"Yeah, it's in every technical aspect of what I do. From the phrasing that I choose vocally, to the way I express myself physically when the band is playing. It's not just jumping around, honest," he laughs. "My taste in music run to the rhythmic or when it's not highly rhythmic, then it will run to the other extreme.

“I can listen to Sinatra for hours, that's okay too, or classical music. I don't go much for the school of rock that began in the ‘80s where its bomp bomp bomp bomp bomp, 16 bars of repetitive thumping with some guy moaning sincerely. [Another laugh.] I don't really go for that.”

One of the regular assumptions about drummers is that they are there to thump and provide the basis for the "real" musicians. Much the same was said about Pop’s band. It took quite a while before people realised that the Stooges weren't dumb, that it wasn't just done because it could hurt.

In a sense his whole career has been people belatedly realising that this man who 15 years ago wrote an essay for an academic publication on the modern relevance of Edward Gibbon's Decline And Fall Of The Roman Empire is far, far smarter than they believed.

"There are tremendous contributions which can be made musically within the confines of simplicity," Pop says. "Bob Marley's quote of the Bible in his song, ‘stiff necked fools, they think they are cool to deny me for simplicity’, is actually a very apt musical commentary on the biggest weakness of almost every contemporary musician I can think of.

“If I had the voice of [multi octave siren of the 1950s] Yma Sumac, the intellect and folkloric knowledge of Bob Dylan and let's say, the symphonic articulation of Bach, I would have done it. But sorry, no can do. So what I was interested in was not being the 101st vocalist or group member that made big plans. That was the idea, to do something formatted simply but the ideas are not simple at all."

Simplicity has never meant narrowness for Pop who, before this current tour with the Raw Power-era Stooges, released an album called Preliminaires based on the writings of French author Michel Houellebecq, which took its influences from jazz and contemporary classical. The man who released a David Bowie-produced album called The Idiot has shown with a career in and outside the Stooges, as an occasional actor as well as jobbing singer, that there is no limit to what he can do.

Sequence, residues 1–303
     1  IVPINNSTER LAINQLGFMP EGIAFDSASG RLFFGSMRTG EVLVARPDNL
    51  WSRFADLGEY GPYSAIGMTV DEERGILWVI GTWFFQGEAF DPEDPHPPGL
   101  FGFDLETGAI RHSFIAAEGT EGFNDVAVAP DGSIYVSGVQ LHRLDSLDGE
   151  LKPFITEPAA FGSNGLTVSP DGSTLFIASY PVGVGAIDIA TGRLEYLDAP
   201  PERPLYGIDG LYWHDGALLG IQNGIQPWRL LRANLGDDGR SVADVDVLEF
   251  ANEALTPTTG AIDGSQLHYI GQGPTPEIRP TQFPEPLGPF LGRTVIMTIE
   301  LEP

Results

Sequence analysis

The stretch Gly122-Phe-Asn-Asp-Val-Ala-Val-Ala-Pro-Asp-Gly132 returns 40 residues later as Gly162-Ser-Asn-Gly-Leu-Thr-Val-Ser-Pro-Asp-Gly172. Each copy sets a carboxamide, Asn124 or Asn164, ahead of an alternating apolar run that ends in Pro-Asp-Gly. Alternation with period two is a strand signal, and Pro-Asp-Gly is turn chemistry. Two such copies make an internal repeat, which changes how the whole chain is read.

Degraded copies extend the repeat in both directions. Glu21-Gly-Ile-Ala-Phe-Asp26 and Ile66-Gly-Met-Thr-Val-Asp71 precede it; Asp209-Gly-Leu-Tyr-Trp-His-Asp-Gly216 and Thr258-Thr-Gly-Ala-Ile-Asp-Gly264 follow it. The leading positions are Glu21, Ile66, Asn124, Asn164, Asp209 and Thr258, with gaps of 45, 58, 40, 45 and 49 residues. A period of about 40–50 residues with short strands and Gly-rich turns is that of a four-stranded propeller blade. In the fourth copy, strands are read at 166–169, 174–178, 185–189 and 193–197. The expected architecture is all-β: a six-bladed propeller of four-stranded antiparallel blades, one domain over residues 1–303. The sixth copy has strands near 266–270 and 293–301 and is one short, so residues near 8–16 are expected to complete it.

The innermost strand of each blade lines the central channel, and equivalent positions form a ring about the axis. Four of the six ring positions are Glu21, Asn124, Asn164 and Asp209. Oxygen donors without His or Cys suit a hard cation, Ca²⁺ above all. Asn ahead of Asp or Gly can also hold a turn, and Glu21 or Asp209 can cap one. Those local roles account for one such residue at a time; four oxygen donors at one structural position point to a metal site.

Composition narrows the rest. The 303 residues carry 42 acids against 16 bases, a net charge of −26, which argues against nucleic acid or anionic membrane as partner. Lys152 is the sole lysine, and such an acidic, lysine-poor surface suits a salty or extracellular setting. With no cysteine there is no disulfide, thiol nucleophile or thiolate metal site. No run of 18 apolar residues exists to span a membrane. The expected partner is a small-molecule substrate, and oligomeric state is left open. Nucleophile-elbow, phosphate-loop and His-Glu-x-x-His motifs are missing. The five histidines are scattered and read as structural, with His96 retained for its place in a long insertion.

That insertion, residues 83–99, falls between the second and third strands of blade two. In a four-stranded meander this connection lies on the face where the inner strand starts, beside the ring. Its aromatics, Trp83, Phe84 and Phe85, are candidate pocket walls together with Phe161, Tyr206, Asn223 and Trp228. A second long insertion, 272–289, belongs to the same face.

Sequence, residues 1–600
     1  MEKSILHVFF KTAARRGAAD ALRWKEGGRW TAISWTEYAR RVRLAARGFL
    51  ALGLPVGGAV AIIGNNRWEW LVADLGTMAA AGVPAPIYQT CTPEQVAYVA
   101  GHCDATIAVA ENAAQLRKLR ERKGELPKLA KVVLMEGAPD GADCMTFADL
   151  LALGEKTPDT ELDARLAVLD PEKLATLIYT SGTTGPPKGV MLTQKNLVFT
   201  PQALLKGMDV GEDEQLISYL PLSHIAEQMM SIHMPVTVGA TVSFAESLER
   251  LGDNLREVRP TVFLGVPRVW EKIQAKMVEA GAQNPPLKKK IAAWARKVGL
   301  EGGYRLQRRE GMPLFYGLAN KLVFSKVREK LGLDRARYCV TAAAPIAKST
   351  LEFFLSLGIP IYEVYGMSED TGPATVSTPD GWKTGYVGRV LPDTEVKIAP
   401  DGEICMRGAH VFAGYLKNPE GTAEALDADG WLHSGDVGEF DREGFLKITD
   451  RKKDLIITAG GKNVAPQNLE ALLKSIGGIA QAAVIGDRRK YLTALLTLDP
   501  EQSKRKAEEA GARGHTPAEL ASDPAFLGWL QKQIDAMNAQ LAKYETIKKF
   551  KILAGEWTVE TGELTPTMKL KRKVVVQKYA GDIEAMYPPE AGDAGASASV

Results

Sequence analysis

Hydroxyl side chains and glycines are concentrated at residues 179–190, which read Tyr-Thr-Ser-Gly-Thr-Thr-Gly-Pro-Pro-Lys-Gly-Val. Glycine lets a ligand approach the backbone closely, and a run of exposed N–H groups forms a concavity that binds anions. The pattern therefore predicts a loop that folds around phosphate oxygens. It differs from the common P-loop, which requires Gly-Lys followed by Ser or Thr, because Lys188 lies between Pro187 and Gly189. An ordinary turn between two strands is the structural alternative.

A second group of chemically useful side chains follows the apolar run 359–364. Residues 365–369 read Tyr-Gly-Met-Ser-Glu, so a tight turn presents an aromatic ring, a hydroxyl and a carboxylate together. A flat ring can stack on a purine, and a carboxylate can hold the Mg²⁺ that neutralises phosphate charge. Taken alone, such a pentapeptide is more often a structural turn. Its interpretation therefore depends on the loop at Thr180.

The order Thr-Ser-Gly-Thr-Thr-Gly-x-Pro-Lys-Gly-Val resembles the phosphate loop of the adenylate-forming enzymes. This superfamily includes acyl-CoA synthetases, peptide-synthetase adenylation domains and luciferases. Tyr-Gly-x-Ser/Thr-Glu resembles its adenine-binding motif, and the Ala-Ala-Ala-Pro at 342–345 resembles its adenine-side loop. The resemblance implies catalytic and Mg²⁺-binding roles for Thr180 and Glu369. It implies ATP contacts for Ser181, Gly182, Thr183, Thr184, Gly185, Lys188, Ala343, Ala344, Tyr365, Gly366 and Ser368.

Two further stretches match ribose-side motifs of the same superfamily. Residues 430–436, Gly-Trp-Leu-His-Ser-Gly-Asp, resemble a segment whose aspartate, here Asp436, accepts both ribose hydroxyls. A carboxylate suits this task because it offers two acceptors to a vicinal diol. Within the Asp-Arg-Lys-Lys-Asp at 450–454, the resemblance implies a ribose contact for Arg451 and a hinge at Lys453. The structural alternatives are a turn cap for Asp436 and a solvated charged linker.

"I think that’s true and besides the urge, it takes some political skill and some ability to withstand a certain amount of punishment," he chuckles. "In the case of Preliminaires, I had to enlist the French to get that out because the American industrial machine simply will not allow, they won't help you, put it that way, achieve that and some of them won't countenance it if you do.”

Is there something in the French adopting both Iggy Pop and Jerry Lewis, two American institutions considered base and simplistic at home?

"Yeah,” he says with a guffaw, “they also like Bruce Willis, Jackie Chan."

Still, it’s not just the French, and Bowie, who have saved him over the years. For several generations of music fans now Iggy Pop has been discovered second-hand. Much like the Stooges-influenced punks did in the USA and UK, the Sydney underground in the late 1970s and early 80s saw groups like Radio Birdman and their offshoots and acolytes draw on the Stooges and fellow Detroit rebels, the MC5, as well as surf music and soul, to make the new rebel music.

At a time when it was difficult to get the three Stooges albums, their name and attitude was being kept alive.

"Bless those people because not only did they carry out some of the ideas and covered our stuff, but they talked me up to their little brothers too,” Pop says graciously. “This is the same way I discovered Bo Diddley, Muddy Waters and Chuck Berry and Arthur Alexander, from the writing credits on early Beatles and Rolling Stones albums.

“Once I found out about those people I’d idolise them, I’d want to be a middle-aged black man who could play and sing magic. That didn't happen but in a funny way I looked around a couple years ago and I thought, my God I've become Bo Diddley in certain ways.

“And that's a great thing. I'm kinda happy."